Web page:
Septic shock prediction for ICU patients via coupled HMM walking on sequential contrast patterns.
- Publication Type:
- Journal Article
- Journal of Biomedical Informatics, 2017, 66 pp. 19 - 31
- Issue Date:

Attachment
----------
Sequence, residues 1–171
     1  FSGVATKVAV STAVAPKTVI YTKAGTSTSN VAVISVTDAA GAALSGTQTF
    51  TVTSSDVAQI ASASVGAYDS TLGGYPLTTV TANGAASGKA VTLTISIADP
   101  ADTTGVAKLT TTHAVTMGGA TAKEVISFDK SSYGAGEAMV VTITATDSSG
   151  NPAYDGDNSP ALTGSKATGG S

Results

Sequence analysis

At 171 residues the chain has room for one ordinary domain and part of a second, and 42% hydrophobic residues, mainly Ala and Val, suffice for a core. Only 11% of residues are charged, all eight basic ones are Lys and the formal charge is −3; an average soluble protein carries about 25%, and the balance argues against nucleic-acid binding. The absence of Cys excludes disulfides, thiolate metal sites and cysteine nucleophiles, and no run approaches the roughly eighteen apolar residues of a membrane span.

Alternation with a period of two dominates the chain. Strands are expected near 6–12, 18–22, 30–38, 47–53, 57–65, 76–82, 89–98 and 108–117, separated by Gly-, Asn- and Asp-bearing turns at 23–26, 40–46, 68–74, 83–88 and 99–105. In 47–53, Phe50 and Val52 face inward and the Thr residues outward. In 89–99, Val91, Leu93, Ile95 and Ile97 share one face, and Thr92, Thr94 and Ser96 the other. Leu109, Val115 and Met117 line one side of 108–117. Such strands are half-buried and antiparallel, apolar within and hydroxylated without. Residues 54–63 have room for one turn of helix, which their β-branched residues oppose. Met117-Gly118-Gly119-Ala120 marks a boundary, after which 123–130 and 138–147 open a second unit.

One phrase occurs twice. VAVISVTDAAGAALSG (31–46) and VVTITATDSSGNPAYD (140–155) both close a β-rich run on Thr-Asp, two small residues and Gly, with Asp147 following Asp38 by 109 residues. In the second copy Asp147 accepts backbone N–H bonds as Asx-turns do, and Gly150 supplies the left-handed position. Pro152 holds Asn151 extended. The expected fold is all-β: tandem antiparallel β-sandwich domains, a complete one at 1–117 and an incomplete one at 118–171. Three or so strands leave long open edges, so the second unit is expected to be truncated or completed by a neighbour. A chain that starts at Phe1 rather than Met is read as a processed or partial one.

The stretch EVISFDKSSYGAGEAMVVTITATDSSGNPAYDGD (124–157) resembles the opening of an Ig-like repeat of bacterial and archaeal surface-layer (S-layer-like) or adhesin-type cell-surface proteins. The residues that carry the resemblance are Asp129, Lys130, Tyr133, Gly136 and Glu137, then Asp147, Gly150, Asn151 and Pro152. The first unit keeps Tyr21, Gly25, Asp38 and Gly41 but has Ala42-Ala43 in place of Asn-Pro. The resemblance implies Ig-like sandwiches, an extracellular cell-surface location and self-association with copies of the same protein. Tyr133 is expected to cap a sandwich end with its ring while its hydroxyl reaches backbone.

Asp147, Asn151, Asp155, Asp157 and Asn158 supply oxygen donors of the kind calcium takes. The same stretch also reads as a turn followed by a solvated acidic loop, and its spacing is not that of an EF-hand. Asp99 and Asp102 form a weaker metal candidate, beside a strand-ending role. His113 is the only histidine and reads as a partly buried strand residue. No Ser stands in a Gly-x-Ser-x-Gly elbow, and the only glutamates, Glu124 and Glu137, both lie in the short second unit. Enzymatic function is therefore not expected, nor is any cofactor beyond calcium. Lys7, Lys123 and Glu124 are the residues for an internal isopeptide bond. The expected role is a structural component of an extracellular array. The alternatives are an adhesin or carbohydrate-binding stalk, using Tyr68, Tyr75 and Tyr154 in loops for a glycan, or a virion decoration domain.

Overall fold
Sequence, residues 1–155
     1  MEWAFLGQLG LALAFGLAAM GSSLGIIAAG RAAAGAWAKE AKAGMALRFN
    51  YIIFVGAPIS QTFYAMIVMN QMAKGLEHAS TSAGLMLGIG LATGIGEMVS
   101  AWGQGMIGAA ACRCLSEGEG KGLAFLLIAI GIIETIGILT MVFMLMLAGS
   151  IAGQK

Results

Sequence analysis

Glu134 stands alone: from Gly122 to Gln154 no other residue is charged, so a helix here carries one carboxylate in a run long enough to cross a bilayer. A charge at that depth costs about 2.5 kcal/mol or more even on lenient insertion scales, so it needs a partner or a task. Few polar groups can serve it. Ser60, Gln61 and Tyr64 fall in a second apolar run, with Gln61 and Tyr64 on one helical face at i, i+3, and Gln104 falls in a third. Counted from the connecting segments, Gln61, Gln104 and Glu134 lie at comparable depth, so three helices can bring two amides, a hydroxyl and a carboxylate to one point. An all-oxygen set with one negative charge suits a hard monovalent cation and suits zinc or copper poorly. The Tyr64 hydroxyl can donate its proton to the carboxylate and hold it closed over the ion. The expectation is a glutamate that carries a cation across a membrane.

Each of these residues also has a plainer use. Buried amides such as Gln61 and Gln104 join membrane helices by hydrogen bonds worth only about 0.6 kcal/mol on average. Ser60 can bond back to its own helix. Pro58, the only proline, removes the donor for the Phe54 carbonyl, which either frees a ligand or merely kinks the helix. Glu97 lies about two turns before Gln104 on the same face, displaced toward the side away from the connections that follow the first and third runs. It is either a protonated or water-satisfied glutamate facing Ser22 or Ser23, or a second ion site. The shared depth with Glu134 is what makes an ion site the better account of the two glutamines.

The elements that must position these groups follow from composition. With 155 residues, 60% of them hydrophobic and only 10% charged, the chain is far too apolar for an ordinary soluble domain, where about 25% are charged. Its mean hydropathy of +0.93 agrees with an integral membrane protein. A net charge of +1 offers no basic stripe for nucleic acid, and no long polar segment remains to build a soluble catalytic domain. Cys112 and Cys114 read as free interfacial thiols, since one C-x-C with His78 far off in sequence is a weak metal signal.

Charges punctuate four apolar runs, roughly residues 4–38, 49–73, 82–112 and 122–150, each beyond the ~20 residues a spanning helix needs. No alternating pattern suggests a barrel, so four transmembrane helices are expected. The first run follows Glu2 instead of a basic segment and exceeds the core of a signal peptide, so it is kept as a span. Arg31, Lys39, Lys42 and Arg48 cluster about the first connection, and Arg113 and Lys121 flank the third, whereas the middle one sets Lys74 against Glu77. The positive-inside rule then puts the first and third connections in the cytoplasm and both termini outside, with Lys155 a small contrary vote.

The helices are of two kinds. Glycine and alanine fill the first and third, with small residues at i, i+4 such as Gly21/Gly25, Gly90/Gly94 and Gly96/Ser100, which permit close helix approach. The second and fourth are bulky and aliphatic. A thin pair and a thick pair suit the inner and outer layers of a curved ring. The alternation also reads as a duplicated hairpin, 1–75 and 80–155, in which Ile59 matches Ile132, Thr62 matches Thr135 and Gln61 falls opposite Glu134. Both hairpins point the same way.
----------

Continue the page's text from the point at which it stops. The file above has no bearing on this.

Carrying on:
BACKGROUND AND OBJECTIVE: Critical care patient events like sepsis or septic shock in intensive care units (ICUs) are dangerous complications which can cause multiple organ failures and eventual death. Preventive prediction of such events will allow clinicians to stage effective interventions for averting these critical complications. METHODS: It is widely understood that physiological conditions of patients on variables such as blood pressure and heart rate are suggestive to gradual changes over a certain period of time, prior to the occurrence of a septic shock. This work investigates the performance of a novel machine learning approach for the early prediction of septic shock. The approach combines highly informative sequential patterns extracted from multiple physiological variables and captures the interactions among these patterns via coupled hidden Markov models (CHMM). In particular, the patterns are extracted from three non-invasive waveform measurements: the mean arterial pressure levels, the heart rates and respiratory rates of septic shock patients from a large clinical ICU dataset called MIMIC-II. EVALUATION AND RESULTS: For baseline estimations, SVM and HMM models on the continuous time series data for the given patients, using MAP (mean arterial pressure), HR (heart rate), and RR (respiratory rate) are employed. Single channel patterns based HMM (SCP-HMM) and multi-channel patterns based coupled HMM (MCP-HMM) are compared against baseline models using 5-fold cross validation accuracies over multiple rounds. Particularly, the results of MCP-HMM are statistically significant having a p-value of 0.0014, in comparison to baseline models. Our experiments demonstrate a strong competitive accuracy in the prediction of septic shock, especially when the interactions between the multiple variables are coupled by the learning model. CONCLUSIONS: It can be concluded that the novelty of the approach, stems from the integration of sequence-based physiological pattern markers with the sequential CHMM model to learn dynamic physiological behavior, as well as from the coupling of such patterns to build powerful risk stratification models for septic shock patients.
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